The American Society for Pharmacy Law (ASPL) is an organization of attorneys, pharmacists, pharmacist-attorneys and students of pharmacy or law who are interested in the law as it applies to pharmacy, pharmacists, wholesalers, manufacturers, state and federal government and other interested parties.

ASPL is a nonprofit organization with the purposes of

  • Furthering knowledge in the law related to pharmacists, pharmacies, the provision of pharmaceutical care, the manufacturing and distribution of drugs, and other food, drug, and medical device policy issues;
  • Communicating accurate legal educational information; and
  • Providing educational opportunities for pharmacists, attorneys, and others who are interested in pharmacy law

ASPL has become the premier source to engage with the entire spectrum of professionals at the intersection of pharmacy and legal matters. With my formal training, I approach our meetings with the assumption that I have grasped all of the components that contribute to the pharmacy profession. However, engaging with ASPL has placed context around the various, often overlooked, downstream and upstream factors that impact the law as it applies to pharmacy.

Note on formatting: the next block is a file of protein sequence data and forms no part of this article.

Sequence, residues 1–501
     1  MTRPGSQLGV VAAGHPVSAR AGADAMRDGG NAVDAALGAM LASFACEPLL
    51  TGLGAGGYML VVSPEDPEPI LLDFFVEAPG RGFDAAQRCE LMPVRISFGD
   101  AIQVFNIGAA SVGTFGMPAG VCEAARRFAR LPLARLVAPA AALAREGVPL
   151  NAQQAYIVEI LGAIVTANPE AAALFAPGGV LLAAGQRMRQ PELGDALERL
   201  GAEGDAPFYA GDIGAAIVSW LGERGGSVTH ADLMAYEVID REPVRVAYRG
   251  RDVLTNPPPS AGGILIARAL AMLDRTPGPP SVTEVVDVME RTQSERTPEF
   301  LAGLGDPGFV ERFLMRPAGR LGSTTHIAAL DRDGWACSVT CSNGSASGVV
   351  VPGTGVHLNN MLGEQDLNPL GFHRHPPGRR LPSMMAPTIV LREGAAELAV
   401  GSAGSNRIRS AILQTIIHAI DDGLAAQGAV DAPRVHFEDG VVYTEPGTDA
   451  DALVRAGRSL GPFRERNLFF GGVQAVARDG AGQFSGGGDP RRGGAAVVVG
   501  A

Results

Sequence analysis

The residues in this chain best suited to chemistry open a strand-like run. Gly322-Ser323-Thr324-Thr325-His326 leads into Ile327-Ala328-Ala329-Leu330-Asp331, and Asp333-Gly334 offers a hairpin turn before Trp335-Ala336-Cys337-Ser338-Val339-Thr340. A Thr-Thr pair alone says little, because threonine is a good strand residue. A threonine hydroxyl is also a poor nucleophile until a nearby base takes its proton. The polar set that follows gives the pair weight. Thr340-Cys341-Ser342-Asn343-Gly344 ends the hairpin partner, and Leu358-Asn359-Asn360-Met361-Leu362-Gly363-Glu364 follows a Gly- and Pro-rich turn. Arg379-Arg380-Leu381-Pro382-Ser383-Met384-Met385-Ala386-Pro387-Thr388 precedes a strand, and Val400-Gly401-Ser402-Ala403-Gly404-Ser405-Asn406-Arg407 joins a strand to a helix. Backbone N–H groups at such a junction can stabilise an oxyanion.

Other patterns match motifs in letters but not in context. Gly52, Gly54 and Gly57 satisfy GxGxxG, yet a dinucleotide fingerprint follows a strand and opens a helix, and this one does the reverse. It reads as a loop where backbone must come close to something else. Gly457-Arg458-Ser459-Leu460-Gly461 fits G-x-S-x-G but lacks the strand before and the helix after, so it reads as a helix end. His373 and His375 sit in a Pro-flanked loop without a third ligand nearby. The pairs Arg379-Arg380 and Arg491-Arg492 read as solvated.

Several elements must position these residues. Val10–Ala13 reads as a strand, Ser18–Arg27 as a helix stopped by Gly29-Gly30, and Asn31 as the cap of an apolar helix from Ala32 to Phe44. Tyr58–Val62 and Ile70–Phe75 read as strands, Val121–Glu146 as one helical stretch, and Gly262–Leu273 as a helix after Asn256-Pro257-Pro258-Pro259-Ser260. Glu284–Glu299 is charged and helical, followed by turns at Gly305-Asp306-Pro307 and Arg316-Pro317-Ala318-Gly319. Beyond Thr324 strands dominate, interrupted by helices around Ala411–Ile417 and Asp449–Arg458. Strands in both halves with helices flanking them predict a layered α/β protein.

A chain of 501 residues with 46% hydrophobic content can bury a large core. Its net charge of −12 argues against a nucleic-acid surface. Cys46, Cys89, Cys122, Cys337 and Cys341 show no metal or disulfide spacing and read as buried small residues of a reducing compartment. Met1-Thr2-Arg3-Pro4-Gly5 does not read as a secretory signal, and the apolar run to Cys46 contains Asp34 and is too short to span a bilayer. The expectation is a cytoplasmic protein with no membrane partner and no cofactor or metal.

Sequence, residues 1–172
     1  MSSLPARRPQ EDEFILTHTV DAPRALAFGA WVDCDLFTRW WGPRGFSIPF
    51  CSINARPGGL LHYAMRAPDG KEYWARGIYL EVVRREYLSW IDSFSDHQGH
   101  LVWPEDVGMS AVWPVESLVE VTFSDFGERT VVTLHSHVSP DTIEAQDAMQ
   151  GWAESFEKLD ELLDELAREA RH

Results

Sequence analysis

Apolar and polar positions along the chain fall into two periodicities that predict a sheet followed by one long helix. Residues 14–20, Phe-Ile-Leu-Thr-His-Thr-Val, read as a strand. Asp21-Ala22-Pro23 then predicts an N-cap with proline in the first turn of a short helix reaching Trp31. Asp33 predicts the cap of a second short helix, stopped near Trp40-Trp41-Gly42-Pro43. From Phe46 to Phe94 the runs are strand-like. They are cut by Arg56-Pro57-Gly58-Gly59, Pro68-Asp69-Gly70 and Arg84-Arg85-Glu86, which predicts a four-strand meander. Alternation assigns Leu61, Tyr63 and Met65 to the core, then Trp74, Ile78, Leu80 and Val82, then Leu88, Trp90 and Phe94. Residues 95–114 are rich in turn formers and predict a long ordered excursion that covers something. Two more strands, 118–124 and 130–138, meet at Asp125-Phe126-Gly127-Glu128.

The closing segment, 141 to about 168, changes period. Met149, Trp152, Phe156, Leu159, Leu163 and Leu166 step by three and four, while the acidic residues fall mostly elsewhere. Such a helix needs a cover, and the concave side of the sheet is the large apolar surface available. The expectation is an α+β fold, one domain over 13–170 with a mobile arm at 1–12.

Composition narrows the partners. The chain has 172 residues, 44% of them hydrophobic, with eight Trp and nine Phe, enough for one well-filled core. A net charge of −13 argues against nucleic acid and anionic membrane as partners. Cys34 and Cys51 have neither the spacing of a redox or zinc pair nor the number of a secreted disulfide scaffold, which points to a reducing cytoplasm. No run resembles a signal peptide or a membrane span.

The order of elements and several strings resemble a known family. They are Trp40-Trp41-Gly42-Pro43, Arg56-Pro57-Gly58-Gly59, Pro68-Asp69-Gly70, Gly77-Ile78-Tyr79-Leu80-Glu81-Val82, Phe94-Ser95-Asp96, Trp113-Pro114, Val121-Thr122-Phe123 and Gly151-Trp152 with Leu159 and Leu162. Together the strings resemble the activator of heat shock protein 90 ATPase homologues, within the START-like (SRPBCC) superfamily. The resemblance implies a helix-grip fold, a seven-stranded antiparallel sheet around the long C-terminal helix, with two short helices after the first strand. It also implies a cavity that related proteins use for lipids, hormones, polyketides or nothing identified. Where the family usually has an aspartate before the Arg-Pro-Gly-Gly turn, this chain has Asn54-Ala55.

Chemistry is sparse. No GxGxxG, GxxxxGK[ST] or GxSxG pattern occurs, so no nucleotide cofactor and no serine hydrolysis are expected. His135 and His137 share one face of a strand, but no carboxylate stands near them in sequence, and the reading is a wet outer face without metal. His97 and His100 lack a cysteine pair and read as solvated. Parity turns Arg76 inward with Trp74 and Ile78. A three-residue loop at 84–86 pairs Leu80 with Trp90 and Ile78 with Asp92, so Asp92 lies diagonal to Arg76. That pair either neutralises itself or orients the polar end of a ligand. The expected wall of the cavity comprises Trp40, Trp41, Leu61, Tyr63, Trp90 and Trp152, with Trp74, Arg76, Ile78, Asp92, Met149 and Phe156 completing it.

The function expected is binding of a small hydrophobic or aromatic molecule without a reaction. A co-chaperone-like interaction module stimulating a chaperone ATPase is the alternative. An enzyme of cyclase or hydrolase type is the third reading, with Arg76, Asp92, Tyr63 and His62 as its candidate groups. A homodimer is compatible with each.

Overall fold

Monet Stanford, PharmD

Latest News

June 3, 2019

MARIJUANA PRODUCT LIABILITY

Are producers of medical marijuana protected by the learned intermediary doctrine?
In a blog posting on May 31, James Beck of Reed Smith LLP discussed whether, when the inevitable lawsuit against a producer or distributor of medical marijuana is filed, whether any appeal to the learned intermediary doctrine will be successful.

Among the considerations reviewed in the posting is the extent to which a given state has mandated specific warnings; Beck concludes that for most states, warnings are, at best, minimal. He also considered whether there is actually a physician-patient relationship in which the medical marijuana is actually “prescribed.” If the role of the physician intermediary is also minimal, such as merely certifying that the patient has a qualifying condition, then the learned intermediary rule is likely inapt.

His conclusion: “Based on what we’ve seen to date, we don’t think it is likely that the learned intermediary doctrine will apply to medical marijuana, at least as long as the only product warnings appear to be directed primarily to consumers rather than health care providers.” [Beck JM. Should the learned intermediary rule apply to prescription marijuana? Lexology 2019 May 31; http://bit.ly/2Ms4hxO]